Michael Asen, only alive relative was brought in for questioning. He confirmed the house has been uninhabited ever since his aunt and uncle died, four years ago. He was written off as a suspect. Later he sold the house to a real estate agency that keeps it as a tourist attraction sight. Ghost hunters, mediums, kids filming YouTube videos – they all search for a thrill in Asen house.

The case was left opened and to this day it still is. The Asen murderer remains unknown, the reason…a mystery.

I remember the day Lily disappeared and I remember the day her death was announced on the twelve o’clock news.  I was sixteen, knew Lily from the park. I couldn’t believe someone had killed her, and left her to rot on the moist floorboards of old Asen house. Her little body was exposed on purpose, put there in the middle of the living room, to be seen, to be found. Her beautiful hair tangled with dirt. Her eyes, white and cold gazing in the nothingness.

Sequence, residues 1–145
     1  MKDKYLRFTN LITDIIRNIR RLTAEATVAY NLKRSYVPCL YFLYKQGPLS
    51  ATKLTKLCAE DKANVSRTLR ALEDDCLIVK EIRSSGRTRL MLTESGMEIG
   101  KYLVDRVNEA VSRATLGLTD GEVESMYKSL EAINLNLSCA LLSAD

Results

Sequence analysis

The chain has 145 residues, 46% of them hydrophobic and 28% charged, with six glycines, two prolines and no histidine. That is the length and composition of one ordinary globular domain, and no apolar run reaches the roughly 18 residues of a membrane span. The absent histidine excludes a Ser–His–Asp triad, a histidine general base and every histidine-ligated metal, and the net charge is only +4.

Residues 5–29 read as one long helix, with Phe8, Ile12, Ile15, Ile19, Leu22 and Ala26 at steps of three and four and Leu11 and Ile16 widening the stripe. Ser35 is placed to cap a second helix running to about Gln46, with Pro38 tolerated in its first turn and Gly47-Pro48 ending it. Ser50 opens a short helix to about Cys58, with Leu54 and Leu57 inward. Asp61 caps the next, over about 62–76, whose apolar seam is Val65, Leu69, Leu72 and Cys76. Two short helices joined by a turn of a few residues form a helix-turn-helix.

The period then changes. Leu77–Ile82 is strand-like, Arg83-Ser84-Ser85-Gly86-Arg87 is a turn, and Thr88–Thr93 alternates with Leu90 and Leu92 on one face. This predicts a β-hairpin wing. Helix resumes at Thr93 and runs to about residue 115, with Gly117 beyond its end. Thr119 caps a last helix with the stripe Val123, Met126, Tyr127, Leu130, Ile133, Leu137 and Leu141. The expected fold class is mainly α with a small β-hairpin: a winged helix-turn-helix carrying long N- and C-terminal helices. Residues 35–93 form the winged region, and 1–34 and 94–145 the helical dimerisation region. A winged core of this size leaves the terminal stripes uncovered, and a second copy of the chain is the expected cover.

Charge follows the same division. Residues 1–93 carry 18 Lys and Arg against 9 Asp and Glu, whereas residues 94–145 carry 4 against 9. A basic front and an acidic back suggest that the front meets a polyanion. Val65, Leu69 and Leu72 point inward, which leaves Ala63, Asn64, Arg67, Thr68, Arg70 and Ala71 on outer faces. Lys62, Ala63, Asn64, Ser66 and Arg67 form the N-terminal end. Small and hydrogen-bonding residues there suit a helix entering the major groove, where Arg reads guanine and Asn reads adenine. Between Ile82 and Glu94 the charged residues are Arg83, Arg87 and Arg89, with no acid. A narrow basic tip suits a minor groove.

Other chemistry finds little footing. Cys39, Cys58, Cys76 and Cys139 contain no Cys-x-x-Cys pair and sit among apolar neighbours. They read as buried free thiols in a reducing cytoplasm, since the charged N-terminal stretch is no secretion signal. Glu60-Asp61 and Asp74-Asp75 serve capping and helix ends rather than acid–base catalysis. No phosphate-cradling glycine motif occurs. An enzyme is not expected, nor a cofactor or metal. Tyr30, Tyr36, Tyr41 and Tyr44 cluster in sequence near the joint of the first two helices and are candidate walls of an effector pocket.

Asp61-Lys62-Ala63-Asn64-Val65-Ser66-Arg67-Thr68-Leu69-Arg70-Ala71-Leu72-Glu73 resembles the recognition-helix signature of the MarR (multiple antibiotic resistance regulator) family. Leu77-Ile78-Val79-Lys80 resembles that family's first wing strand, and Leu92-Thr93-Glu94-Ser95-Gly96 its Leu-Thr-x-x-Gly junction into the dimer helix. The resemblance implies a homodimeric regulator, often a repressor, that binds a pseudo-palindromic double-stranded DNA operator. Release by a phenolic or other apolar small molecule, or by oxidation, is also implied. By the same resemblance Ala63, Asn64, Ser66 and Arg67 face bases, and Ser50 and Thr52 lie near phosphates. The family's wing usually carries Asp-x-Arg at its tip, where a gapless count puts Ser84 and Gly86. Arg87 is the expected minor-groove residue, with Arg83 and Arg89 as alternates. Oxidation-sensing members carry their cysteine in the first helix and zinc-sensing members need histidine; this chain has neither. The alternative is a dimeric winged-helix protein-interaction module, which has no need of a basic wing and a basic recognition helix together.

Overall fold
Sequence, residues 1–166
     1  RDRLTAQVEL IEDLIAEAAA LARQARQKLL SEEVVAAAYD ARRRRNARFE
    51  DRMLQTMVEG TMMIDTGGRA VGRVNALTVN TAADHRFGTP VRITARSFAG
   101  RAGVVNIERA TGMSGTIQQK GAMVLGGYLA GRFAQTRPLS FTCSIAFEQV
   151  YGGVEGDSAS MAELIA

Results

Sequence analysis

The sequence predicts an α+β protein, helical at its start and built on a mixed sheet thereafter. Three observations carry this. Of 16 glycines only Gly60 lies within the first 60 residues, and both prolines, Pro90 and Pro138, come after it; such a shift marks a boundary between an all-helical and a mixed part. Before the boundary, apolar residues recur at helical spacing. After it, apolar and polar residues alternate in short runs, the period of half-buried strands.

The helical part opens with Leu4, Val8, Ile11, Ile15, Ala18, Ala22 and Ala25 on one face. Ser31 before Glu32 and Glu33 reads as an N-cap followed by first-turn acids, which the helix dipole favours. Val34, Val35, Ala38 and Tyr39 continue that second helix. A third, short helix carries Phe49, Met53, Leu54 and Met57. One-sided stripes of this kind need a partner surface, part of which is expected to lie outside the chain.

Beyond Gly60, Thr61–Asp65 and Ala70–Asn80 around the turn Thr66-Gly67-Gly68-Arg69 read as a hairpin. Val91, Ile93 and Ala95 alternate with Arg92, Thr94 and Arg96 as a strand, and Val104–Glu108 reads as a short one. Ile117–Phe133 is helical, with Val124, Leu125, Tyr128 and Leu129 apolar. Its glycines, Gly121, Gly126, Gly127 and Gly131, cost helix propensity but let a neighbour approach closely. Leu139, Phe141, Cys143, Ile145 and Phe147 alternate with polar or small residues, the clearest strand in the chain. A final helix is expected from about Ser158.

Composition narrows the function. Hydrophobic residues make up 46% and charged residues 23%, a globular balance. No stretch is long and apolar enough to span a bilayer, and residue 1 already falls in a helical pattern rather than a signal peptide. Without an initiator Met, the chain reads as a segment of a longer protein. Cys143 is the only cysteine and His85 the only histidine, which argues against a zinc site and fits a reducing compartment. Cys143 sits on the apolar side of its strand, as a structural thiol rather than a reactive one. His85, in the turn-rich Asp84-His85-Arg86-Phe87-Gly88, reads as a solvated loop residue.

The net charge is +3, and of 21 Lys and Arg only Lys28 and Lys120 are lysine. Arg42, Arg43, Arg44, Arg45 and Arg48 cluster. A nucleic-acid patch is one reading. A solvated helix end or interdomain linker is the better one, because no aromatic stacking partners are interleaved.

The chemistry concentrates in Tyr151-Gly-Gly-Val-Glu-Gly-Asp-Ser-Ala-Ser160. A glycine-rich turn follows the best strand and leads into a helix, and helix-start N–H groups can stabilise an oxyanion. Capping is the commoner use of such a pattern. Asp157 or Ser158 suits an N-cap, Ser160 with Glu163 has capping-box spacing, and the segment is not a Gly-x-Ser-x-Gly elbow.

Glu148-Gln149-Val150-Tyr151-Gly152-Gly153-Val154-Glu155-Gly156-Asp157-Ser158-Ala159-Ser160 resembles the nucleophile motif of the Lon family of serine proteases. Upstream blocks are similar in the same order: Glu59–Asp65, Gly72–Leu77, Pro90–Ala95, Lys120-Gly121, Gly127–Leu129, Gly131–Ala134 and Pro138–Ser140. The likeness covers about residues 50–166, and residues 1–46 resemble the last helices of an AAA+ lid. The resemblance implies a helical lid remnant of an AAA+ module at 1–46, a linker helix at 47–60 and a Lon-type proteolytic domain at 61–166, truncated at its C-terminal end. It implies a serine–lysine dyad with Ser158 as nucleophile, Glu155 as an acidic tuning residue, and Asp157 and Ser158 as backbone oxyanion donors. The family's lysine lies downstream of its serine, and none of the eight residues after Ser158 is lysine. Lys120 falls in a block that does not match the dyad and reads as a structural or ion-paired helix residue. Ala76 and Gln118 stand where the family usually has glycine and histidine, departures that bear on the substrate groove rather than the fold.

After all these years I finally get to breath in the odor of the old and dusty furniture. The horrid buzz of flies welcomes me as the door of Asen house closes behind me.

“Evil lived here long enough to grow seeds.”

The house is quiet, sunlight breaking in from the cracks on the barricaded windows. Mold creeps on the walls, an ill color, dark green. Dust erupts as I walk, the tiny particles glimmering in the light. I take my time before entering the living room. The toy drum keeps playing. It’s in every room, around me, before me, behind me. Pushing me forward.

I never liked Asen house. It erected at the end of the street, somehow clinging in the periphery, isolated. As a child I never dared go near it. I watched its massive structure from afar and I thought that if I go there I might become invisible, or disappear. The people who lived there at the time, Saulius Asen and his wife Elinor were never the friendly type. They mostly stayed in their house. I’ve seen Saulius only once, at the grocery store. His grey eyes never left me as I crossed the street. I think he knew I was afraid of him.

I don’t know what others found here. The old man said he saw many running out, fear written on their faces. But for me…